Mandatory implementation of Electronic Logging Devices (ELDs) throughout the transportation industry has become law. And some carriers are less than happy about the change—giving early adopters an advantage over the competition.
ELDs traverse a spectrum of needs for both drivers and carriers. They protect drivers from pressure to forgo their rest breaks and eliminate the need for time-consuming paperwork. The devices give carriers information they can use for more efficient fleet management to improve productivity and lower costs. Its purpose is wide reaching and simultaneously interconnected in the inner workings of a fleet business.
In practice, carriers consistently see a small but very real drop in productivity when they switch over to ELDs. If the company actually had a serious problem with fraud, the switch could be extremely disruptive, requiring massive changes in the carrier’s business plan. For example, if a driver’s hours ran out 15 miles shy of the destination, it was simple for the driver to just complete the day’s work, take a slightly longer break somewhere else to compensate, and adjust the books as necessary. With ELDs, the only option is to stretch that trip into a second day.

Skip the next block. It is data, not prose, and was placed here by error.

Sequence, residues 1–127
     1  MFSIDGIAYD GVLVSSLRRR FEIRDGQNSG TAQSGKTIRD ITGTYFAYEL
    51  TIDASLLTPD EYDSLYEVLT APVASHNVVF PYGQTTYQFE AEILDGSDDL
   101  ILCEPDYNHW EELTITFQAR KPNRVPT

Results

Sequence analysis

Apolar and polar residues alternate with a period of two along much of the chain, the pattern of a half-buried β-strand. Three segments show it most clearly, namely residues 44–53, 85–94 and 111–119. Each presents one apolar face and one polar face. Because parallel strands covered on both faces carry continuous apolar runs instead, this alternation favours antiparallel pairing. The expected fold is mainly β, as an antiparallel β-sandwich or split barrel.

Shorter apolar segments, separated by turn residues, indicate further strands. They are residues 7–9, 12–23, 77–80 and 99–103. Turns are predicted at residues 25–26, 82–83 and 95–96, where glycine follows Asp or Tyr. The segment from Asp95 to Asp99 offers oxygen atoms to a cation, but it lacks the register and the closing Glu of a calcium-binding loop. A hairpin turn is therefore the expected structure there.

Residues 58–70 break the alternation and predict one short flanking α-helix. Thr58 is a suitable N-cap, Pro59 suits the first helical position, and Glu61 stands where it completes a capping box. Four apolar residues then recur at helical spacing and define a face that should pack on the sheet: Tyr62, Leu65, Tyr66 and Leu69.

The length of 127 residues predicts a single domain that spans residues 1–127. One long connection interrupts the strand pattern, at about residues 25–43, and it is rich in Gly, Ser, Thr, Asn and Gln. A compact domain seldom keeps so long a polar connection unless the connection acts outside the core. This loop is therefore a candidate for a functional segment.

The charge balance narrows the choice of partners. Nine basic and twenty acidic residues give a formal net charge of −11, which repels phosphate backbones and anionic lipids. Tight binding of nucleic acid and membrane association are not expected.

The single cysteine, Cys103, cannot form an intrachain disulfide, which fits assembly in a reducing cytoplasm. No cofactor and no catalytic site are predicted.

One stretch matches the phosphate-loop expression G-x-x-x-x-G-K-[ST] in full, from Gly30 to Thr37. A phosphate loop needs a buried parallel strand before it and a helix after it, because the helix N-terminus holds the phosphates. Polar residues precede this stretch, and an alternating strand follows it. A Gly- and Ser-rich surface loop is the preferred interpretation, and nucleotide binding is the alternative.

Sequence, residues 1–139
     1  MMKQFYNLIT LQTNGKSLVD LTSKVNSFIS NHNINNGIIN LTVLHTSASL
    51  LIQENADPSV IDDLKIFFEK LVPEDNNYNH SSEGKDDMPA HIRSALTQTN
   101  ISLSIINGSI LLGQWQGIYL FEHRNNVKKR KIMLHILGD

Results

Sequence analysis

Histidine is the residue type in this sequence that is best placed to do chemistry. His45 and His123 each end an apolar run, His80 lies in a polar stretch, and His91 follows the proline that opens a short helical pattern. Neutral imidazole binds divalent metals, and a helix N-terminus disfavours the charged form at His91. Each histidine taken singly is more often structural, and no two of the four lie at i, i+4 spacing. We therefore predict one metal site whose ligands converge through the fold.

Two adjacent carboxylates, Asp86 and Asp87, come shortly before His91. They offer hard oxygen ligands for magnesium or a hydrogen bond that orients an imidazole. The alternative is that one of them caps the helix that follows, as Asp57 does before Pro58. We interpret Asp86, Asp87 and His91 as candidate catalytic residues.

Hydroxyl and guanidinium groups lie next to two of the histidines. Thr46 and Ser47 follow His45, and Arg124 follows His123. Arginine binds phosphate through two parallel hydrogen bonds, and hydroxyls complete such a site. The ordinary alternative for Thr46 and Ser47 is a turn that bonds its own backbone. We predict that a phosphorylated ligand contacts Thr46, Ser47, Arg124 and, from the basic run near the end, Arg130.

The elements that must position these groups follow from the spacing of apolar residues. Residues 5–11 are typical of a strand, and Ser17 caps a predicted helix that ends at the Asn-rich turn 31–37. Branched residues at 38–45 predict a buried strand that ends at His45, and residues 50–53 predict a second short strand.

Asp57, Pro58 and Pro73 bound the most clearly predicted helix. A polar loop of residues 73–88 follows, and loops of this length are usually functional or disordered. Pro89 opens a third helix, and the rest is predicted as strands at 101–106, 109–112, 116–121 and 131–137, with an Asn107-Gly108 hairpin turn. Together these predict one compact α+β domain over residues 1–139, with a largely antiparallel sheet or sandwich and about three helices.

Naturally, some carriers are dragging their heels on conversion. As the 2017 deadline for ELD adoption looms, these companies will be forced to do one of two things: either rush to make the conversion last-minute and endanger productivity. Or simply choose to go out of business.
Shippers do not want to be stuck with late-adopting carriers when the deadline hits. Some have already begun distancing themselves from carriers that have either not converted already or put a conversion plan in place. Drivers may soon start making similar choices, for while some drivers find ELDs intrusive, once operating their vehicle with the devices becomes inevitable, working for an early adopter is going to seem a lot more appealing.
For carriers, some do have legitimate reason to hesitate when implementing ELDs. But delaying the inevitable could cost them both business and talent. Furthermore, productivity losses is always relative; early adopters risked losing market share, but late adopters face competition that has already gone through the adjustment and come out the other side.
Ultimately, the best bet may be to use the grace period for what it was intended--a long, carefully planned transition to a new way of doing business.
To learn how early adopters of ELDs are staying compliant, check out Teletrac's customer reviews.
Click here to learn more about Teletrac Navman's self-certified ELD solution.